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Further Reading

The Crux Project Archives: Art

A PRIMITIVE OF AN OLD WAY

An interview with Neo-Baroque painter Edward Knippers

by Bobby Maddex and Johan Conrod

Edward Knippers is a world-renowned Neo-Baroque painter whose work has been exhibited widely throughout the United States, including one-man shows at Cheekwood in Nashville, the Virginia Museum in Richmond, and the National Gallery in Washington D.C. His invitational exhibitions include "Setting the Stage" at the Los Angeles County Museum, a four person show of installations, and "Anno Domini: Jesus through the Ages" at the Provincial Museum in Edmonton.

Knippers is perhaps best known for the controversy that his work has engendered. Painting most of his figures in the nude and with all manner of puss-encrusted sore, wound, and gash branding their battered bodies, the 58-year-old artist has seen, and on more than one occasion, his canvases slashed and defaced by vandals who took exception to such vivid depictions of the human form. His work has also been banned from several American museums, a circumstance that might lead one to believe that Knippers dabbles in subject matter of a most provocative and suspect nature. Nothing could be further from the truth. Indeed, this intelligent and gracious artist actually confines his work to exploring Biblical narratives, of all things. Here I talk with Knippers about faith, art, life, and reality.

How would you describe your paintings?
Well, they're growing out of the Baroque tradition. And this is interesting because I was actually taught to dislike Baroque. For my generation, it was too emotional, unmannered, and strange. But once I decided to paint large figurative paintings, I couldn't get around the old Baroque masters. I hope that I'm continuing their tradition into our time. But I would also hope that my paintings are very twentieth century.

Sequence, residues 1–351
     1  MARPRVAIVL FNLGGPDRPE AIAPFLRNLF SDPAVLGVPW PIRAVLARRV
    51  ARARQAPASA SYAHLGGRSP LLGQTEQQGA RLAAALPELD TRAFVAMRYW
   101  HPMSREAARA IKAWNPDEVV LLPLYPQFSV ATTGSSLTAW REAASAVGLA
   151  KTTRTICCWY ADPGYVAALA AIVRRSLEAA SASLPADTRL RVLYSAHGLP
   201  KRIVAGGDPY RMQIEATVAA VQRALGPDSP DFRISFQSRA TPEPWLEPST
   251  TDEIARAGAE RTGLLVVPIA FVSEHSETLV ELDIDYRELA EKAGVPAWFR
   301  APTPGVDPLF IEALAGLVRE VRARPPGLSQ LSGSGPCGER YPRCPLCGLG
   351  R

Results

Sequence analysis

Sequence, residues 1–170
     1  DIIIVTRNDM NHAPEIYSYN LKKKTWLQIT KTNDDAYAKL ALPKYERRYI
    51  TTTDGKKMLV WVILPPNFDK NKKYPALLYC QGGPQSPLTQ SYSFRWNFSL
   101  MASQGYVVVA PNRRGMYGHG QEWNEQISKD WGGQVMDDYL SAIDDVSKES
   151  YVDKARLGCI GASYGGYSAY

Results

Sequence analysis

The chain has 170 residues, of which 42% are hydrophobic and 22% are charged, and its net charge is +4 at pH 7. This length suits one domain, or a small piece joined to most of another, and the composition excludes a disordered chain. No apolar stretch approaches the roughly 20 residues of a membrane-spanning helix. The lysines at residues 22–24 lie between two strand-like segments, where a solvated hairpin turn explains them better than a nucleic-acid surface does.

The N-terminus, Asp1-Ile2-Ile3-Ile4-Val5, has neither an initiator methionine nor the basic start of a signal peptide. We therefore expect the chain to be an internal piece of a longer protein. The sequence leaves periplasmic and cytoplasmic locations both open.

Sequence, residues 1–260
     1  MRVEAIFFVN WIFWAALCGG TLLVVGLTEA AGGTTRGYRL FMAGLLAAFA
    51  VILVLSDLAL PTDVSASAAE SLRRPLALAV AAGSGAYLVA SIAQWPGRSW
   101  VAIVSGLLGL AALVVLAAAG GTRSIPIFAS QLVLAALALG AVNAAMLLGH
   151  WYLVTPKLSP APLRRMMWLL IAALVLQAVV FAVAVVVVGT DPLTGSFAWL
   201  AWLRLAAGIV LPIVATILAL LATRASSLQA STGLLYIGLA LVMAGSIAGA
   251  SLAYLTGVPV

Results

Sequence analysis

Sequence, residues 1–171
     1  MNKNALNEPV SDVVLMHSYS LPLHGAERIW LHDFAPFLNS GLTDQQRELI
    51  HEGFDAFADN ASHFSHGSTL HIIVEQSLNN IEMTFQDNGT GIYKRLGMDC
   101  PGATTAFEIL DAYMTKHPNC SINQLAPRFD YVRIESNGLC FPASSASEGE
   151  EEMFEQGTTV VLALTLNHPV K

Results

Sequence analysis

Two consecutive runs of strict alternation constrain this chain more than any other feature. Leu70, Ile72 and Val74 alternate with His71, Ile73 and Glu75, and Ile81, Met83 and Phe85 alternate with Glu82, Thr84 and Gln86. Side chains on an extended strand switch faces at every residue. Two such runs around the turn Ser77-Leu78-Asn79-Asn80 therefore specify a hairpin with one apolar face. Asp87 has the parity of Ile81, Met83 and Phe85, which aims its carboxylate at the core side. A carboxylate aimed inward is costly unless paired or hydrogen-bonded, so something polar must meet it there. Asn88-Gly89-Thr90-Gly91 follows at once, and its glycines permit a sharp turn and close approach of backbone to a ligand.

Your paintings are indeed passionate—to say the least—and graphic. Why?
A popular religious notion is that the more vague something is, the more spiritual. Hogwash. I think this [knocks on the toolbox on which he is sitting] is more spiritual than vagueness because it's real. God could have created the world in any way, but he chose to do it like this. Therefore, this [knocks again] tells us something about God. A cup on a table has more reality than all of our virtual states. It's wonderful—very human. But we're getting away from that and creating a virtual world. We've begun living in little rooms created by computers. We're afraid to be honest somehow. Perhaps painting can bring us back to the real world.

As for the graphic depiction, what do people expect to see? I could conceivably make them more graphic than they are. Part of art is knowing how far to push viewers so they are forced to deal with the art and are horrified in an appropriate way.

What about the nudity in your paintings?